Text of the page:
Drought Information Statement from NWS-Pueblo



Widespread precipitation, running between one to three inches, has been recorded across much of the drought stricken southeastern Colorado Plains throughout the first two weeks of October. This, along with abundant summer precipitation associated with the southwest monsoon, has allowed for additional improvements in the multi-year drought across portions of south central and southeast Colorado.  Because of this, the latest U.S. Drought Monitor has eliminated the extreme drought (D3) conditions across southeastern Colorado.

The current Drought Monitor now indicates severe drought (D2) conditions in place across eastern Crowley and eastern Otero Counties, as well as all of Kiowa, Bent and Prowers Counties. Severe Drought conditions remain depicted across the rest of the eastern two-thirds of Las Animas County and all of Baca County.

CPS and VIC Soil Moisture calculations continue to indicate near normal conditions across most of south central and southeast Colorado with some slight drying indicated across portions of the San Luis Valley.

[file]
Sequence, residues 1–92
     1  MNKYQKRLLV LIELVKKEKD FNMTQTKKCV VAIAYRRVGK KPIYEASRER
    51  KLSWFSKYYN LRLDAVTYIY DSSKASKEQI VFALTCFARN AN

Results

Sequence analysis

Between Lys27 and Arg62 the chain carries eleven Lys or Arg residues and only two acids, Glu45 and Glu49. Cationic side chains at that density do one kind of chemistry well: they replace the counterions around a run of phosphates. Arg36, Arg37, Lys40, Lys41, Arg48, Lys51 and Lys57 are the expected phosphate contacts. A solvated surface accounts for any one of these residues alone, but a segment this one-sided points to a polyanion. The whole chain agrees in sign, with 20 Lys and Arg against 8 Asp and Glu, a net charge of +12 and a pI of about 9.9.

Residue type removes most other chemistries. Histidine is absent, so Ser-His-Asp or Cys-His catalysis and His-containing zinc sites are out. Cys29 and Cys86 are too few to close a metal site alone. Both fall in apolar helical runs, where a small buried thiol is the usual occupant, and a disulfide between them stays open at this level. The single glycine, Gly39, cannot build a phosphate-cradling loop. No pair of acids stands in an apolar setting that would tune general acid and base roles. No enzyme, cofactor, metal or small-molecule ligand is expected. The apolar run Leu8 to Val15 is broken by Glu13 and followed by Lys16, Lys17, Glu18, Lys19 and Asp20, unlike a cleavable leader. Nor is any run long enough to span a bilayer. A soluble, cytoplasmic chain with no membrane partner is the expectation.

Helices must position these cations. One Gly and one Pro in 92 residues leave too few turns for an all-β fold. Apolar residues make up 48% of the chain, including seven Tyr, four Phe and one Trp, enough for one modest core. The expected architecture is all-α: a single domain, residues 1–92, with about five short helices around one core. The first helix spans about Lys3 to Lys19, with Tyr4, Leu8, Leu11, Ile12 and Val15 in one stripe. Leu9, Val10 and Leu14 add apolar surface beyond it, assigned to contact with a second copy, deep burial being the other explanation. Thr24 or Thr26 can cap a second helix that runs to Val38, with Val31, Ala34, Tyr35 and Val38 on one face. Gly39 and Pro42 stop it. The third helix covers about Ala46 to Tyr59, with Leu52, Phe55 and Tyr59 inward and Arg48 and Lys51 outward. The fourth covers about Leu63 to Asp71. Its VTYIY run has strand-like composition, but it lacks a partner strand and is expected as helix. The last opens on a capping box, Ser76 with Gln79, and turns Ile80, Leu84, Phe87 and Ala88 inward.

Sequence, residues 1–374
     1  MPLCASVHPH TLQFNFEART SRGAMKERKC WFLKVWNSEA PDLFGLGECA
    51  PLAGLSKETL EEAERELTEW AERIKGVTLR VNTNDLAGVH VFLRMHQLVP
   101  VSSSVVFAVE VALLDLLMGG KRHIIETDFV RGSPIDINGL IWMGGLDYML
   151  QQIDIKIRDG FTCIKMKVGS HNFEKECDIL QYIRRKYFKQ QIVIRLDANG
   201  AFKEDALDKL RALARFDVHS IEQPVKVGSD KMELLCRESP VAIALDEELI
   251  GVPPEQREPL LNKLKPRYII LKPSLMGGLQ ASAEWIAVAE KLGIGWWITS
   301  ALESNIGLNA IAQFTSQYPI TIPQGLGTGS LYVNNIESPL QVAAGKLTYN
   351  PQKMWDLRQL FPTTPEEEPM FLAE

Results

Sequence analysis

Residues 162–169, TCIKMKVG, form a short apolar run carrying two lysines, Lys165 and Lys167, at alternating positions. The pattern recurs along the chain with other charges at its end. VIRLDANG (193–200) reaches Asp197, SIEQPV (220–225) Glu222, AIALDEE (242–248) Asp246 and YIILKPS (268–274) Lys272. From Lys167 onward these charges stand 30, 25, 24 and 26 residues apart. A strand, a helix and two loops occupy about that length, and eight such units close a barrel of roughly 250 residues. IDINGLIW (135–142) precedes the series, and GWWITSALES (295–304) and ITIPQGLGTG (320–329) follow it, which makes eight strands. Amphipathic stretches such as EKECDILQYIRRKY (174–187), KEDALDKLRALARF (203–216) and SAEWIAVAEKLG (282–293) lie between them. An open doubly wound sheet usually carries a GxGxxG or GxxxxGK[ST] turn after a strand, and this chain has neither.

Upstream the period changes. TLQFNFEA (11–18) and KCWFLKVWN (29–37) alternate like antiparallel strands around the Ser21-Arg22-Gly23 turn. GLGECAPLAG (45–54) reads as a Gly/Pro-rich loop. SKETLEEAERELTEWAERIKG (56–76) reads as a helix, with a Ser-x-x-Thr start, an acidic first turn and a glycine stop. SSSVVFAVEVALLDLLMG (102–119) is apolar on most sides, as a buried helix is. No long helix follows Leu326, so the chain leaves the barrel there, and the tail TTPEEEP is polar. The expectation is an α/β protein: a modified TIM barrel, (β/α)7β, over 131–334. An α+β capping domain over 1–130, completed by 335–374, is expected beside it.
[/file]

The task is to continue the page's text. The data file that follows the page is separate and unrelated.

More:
The latest USDA Colorado Crop report shows little change in soil conditions across the state with 9% of top soil rated at very short, 32% rated as short, 55% rated as adequate and 4% rated in surplus conditions. Sub Soil Moisture across the state this week shows a similar trend with 17% rated as very short, 31% rated as short, 51% rated as adequate and 1% in surplus conditions.  Soil conditions across the state remain in much better shape as compared to last year at this time, although last year’s actual data is not available due to the government shutdown.

Pasture and rangeland across the state also remain in better shape, with 73% rated at fair to excellent over this past week as compared to the 5 year average of 60% rated fair to excellent. Streamflow across the area at the end of September remained generally or slightly above normal across much of the area with southwest portions seeing well above normal streamflow due to the well above normal rain over the past month.

Reservoir storage at the end of September saw levels increase slightly in the Arkansas Basin to 84% of average overall, which is 134% of the available storage at this same time last year. Storage levels in the Upper Rio Grande Basin at the end of September decreased slightly to 61% of average overall, which is still 134% of the available storage at this same time last year.

Filed Under: AgricultureBusinessCitycommunityCountyEconomyEnvironmentFeaturedMedia ReleaseProwers CountyWeather


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